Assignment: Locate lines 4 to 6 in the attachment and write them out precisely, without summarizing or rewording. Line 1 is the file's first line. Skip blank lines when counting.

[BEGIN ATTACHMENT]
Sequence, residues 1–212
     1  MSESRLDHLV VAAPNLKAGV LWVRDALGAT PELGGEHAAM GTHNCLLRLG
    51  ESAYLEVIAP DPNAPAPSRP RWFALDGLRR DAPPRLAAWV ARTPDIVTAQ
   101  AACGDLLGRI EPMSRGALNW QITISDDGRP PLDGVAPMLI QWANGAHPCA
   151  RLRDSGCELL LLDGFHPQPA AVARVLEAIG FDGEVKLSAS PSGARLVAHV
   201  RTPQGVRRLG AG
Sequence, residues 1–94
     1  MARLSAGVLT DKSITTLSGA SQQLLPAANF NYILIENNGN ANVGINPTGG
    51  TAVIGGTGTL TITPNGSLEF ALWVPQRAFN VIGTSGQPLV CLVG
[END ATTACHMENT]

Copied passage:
   101  AACGDLLGRI EPMSRGALNW QITISDDGRP PLDGVAPMLI QWANGAHPCA
   151  RLRDSGCELL LLDGFHPQPA AVARVLEAIG FDGEVKLSAS PSGARLVAHV
   201  RTPQGVRRLG AG